Friday, 21 January 2011 09:09

The continuing competition law challenge

Competition law concerns continue to prompt legal departments to have to find not only new ways of transmitting the importance of compliance but also of ensuring the message is understoodAbertis_Marta_Casas_Caba

A recent meeting of Iberian Lawyer’s In-House Club in Barcelona brought together an invited group of General Counsel from leading Catalonia-based companies to discuss competition concerns. Particularly, how to better prevent and where necessary manage inspections and potential investigations by the Spanish Comisión Nacional de la Competencia (CNC) and European Commission’s competition authorities.

Moderated by Abertis Head of Legal Marta Casas and Linklaters’ competition partner Jaime Pérez-Bustamante, debate participants stressed the importance of raising awareness about competition issues throughout their companies.

The challenge, said many, is not merely expanding their own legal teams understanding of the issues, or the potential liabilities for anti-competitive behaviour, but how to properly convey to all company departments, and especially to sales and marketing personnel, what behaviour is illicit and what the legal consequences may be both for the company and for individuals.

“Adherence to competition law principles is vital for business at all levels. The CNC’s focus and success over the past year on breaking up cartels demonstrates the importance companies’ legal departments must have not only to ensure corporate operate within the rules, but also that all employees understand the dangers,” said Casas.

Pérez-Bustamante highlighted the increasing activity of the CNC, and the process that surrounds ‘dawn raids’ on companies’ premises. In addition, he noted the rising volume and value of fines being imposed by national and EU competition authorities, and the increasing emphasis towards the use of leniency tools in cartel investigations and prosecutions.

General Counsel from multinational companies including General Electric, PepsiCo and Cargill drew attention to the importance within their own organisations of effective compliance programs intended to prevent breaches of competition regulation. In addition, participants highlighted the importance also of having the unconditional support of the Board and management team in order to implement any such protocols company-wide.

“The key is to raise awareness in an easily absorbed way and this task normally now falls to the legal department,” said John Rigau, Vice-President of Legal at PepsiCo Europe. For some General Counsel this brings additional responsibility to the company legal and compliance teams and there is a continuing search for the most effective ways of not merely passing the message across but ensuring that it is taken into account in the way business is actually conducted.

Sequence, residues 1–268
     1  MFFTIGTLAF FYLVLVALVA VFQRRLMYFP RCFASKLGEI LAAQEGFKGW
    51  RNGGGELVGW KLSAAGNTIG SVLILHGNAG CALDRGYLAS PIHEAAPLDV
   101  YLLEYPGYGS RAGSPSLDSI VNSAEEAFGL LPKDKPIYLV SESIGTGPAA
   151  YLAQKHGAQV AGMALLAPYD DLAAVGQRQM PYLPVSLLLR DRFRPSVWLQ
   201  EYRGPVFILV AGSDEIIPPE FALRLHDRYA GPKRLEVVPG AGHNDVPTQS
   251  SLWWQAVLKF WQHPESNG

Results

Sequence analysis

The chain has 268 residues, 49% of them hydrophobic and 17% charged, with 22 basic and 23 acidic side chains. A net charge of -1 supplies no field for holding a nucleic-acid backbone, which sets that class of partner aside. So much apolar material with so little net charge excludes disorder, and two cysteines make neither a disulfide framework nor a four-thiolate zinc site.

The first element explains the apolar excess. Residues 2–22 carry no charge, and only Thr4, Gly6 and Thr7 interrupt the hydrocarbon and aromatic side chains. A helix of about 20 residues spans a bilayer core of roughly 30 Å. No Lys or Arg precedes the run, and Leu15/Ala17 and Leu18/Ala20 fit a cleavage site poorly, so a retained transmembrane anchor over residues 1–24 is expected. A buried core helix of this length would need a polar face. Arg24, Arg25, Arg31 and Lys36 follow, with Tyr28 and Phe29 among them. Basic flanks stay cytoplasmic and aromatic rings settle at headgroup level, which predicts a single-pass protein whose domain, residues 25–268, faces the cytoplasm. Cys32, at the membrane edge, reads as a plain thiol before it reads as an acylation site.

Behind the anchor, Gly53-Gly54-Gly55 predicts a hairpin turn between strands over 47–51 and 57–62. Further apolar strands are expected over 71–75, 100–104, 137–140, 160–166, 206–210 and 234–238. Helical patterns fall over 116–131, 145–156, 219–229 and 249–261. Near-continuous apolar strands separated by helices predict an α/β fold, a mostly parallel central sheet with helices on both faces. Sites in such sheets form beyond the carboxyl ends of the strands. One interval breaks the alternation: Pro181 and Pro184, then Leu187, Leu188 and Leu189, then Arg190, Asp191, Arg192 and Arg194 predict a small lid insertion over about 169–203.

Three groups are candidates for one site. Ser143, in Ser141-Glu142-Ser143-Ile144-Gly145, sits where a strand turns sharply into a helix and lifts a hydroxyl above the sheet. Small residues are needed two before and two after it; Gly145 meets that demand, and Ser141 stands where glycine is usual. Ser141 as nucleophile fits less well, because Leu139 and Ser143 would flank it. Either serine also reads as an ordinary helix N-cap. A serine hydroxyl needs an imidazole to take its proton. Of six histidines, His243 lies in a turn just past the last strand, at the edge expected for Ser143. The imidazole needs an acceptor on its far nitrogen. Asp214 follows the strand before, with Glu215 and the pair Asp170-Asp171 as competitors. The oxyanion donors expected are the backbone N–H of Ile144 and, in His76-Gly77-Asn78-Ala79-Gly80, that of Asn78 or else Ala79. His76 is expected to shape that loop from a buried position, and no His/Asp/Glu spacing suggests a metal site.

“Today, having a specific company protocol is no longer a mitigating factor so any error can have serious consequences. Legal departments have to utilise simple albeit perhaps more creative ways of transmitting the message, such as through the use of videos, software, or even through mock inspections," suggested Pérez-Bustamante.

Such demands however place additional burdens on in-house teams who must take on an educational as well as supervisory role. The illegality of concepts such as cartels may be relatively simple to explain to non-lawyers, say some, but other areas of competition law, such as abuse of dominance, are clearly more subjective and often require an understanding of precedents and economic analysis, which lawyers may not even be best placed to do.

A clear challenge for Spanish lawyers can also be gaining sufficient practical understanding of some competition concepts, especially because of the clear influence of Anglo-Saxon law in its development at the European level, said others. Such differences can again make it difficult for lawyers to explain issues clearly to company managers. While in a purely legal context, constitutional concerns are in any event also now being raised over some Spanish competition law provisions, especially those related to leniency.

Finally, General Counsel highlighted the challenge of keeping up to date with developments in the role it is playing in encouraging the continuing inflow into Spain of new or expanded legal remedies – notably potential liability for civil damages a breach may bring – and the growing trend towards the criminalisation of anti-competitive behaviour. It is a trend that Spain might very well follow in the near future.

The Latin American Lawyer
N.22 • November 2021

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Iberian Lawyer
N.109 • November 2021

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